from Global Investing:

Carry currencies to tempt central banks

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Central bankers as carry traders? Why not.

As we wrote here yesterday, FX reserves at global central banks may be starting to rise again. That's a consequence of a pick up in portfolio investment flows in recent weeks and is likely to continue after the U.S. Fed's announcement of its QE3 money-printing programme.

According to analysts at ING, the Fed’s decision to restart its printing presses will first of all increase liquidity (some of which will find its way into central bank coffers). Second, it also tends to depress volatility and lower volatility encourages the carry trade. Over the next 12 months these  two themes will combine as global reserve managers twin their efforts to keep their money safe and still try to make a return, ING predicts, dubbing it a positive carry story.

from Global Investing:

Norwegians piling into Korean bonds

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One of the stories of this year has been the stupendous rally on emerging local currency debt, fuelled in part by inflows from institutional investors tired of their zero or negative-return investments in Western debt.  Norway's sovereign wealth fund said last week for instance that it was dumping some European bonds and spending more of its $600 billion war chest in emerging markets.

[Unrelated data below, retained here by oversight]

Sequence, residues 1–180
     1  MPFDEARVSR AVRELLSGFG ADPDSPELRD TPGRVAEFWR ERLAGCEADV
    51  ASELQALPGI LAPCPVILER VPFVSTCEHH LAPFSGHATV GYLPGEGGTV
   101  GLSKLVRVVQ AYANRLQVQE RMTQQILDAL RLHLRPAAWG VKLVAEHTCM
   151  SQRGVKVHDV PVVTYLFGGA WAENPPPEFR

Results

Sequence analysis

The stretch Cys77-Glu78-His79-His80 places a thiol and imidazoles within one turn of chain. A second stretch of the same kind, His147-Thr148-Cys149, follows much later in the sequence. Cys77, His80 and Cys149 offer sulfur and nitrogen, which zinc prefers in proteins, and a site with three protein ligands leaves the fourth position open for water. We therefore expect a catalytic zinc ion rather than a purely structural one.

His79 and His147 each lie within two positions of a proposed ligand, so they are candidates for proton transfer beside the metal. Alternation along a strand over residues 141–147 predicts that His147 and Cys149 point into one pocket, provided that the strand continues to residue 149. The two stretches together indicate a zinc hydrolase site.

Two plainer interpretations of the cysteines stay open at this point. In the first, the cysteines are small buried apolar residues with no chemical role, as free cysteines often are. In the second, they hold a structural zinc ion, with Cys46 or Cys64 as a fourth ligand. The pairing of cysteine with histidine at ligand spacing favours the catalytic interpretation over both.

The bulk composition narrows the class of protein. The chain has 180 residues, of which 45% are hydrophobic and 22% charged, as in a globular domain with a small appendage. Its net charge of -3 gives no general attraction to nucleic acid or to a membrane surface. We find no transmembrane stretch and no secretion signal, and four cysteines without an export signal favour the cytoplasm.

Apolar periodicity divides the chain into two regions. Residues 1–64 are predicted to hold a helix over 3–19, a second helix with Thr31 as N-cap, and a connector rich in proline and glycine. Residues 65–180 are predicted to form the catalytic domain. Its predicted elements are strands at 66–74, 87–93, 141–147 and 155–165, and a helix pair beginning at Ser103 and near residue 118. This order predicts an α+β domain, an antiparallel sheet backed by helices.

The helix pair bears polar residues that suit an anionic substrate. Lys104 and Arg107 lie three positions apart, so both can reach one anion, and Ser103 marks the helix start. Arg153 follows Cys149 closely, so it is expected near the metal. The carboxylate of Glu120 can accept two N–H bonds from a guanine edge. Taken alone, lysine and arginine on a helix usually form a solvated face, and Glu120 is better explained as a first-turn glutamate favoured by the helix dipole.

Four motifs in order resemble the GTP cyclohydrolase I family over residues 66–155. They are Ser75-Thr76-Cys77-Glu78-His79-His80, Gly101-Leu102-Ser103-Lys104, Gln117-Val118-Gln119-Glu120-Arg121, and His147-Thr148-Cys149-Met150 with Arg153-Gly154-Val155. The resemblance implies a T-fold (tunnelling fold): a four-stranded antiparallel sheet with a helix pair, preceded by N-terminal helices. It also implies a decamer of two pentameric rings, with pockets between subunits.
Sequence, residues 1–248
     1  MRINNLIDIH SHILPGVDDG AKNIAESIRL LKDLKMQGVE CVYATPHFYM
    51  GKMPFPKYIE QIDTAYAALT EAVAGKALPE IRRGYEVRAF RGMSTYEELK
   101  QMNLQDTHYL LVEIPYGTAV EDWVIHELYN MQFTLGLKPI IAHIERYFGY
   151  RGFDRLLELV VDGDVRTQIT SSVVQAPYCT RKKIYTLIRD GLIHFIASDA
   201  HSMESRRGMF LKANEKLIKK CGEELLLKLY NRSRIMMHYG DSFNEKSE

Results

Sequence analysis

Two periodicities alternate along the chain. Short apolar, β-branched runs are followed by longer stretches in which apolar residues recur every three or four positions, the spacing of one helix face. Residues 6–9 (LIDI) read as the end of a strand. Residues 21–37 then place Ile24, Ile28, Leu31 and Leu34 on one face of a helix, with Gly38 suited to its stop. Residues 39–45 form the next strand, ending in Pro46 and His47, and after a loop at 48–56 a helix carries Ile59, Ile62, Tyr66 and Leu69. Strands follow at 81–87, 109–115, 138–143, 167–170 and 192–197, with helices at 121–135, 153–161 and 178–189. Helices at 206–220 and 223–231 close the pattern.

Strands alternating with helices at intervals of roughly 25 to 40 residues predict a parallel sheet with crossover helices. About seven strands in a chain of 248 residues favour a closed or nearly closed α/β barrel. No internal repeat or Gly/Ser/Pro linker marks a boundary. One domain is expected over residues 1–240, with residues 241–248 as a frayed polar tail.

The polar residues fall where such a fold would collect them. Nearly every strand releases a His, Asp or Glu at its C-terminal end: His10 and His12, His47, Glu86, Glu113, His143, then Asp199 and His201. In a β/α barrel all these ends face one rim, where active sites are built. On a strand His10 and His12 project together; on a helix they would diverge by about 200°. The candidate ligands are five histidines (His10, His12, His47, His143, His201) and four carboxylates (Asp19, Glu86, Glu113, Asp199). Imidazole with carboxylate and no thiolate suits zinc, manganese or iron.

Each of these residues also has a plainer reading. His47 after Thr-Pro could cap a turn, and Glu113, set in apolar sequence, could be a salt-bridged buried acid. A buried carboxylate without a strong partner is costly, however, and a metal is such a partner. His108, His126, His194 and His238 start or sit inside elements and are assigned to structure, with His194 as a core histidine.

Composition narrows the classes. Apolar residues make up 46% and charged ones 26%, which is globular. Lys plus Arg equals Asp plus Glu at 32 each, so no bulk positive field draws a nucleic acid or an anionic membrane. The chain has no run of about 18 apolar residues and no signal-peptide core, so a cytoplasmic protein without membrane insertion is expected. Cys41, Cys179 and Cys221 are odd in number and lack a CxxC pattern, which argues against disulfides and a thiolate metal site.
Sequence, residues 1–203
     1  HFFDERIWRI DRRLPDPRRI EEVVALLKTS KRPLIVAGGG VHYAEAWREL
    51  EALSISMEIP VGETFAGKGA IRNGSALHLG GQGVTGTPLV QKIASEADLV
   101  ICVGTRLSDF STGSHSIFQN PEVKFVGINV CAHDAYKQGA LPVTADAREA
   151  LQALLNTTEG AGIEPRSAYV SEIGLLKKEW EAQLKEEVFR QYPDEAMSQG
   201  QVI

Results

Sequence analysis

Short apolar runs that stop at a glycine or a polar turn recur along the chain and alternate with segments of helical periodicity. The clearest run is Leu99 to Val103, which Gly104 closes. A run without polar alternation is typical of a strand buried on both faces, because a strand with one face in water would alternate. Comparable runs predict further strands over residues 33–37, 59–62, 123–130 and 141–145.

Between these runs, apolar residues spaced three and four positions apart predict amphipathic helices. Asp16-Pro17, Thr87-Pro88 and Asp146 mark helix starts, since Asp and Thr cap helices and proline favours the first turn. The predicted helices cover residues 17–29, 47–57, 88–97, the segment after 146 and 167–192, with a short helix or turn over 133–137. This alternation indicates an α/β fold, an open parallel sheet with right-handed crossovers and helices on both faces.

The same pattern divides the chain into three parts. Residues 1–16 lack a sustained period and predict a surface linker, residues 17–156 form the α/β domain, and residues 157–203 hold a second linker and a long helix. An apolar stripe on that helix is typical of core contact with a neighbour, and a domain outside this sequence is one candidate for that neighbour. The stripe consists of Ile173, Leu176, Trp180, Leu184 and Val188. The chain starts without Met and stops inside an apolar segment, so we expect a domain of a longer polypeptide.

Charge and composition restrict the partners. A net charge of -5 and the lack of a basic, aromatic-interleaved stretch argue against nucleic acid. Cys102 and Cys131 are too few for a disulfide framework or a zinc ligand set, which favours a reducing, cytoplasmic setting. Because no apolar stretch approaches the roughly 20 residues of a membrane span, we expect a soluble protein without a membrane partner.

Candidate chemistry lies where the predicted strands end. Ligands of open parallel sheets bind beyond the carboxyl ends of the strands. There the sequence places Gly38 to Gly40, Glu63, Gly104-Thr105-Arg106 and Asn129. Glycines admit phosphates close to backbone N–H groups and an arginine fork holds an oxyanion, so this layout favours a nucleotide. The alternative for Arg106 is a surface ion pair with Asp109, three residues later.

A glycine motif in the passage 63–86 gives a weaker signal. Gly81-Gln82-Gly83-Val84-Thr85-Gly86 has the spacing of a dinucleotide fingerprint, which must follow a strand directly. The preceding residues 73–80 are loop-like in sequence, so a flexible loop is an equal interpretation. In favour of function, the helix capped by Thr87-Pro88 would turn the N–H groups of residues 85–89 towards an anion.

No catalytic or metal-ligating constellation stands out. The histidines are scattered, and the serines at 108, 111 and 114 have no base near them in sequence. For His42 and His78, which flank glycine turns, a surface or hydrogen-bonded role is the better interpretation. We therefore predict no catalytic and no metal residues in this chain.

Quite a bit of that cash is going to South Korea. Regulators in Seoul recently reported a hefty rise in foreigners' bond holdings (see here for the Reuters story) and  Societe Generale has a note out dissecting the data, which shows that total foreign holdings of Korean bonds are now worth around $79 billion -- back at levels seen last July.  Norwegians emerged as the biggest buyers last month,  picking up bonds worth 1.5 trillion won ($1.3 billion) , almost double what they purchased in the entire first half of 2012. Norway's holdings of Korean Treasuries now total 2.29 trillion won, up from just 190 billion won at the end of 2011.

from Global Investing:

Olympic medal winners — and economies — dissected

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The Olympic medals have all been handed out and the athletes are on their way home.  Which countries surpassed expectations and which ones did worse than expected? And did this have anything to do with the state of their economies?

An extensive Goldman Sachs report entitled Olympics and Economics  (a regular feature before each Olympic Games) predicted before the Games kicked off that the United States would top the tally with 36 gold medals. It also said the top 10 would include five G7 countries (the United States, Great Britain, France, Germany and Italy), two BRICs (China and Russia), one of the developing countries it dubs Next-11  (South Korea), and one additional developed and emerging market. These would be Australia and Ukraine, it said.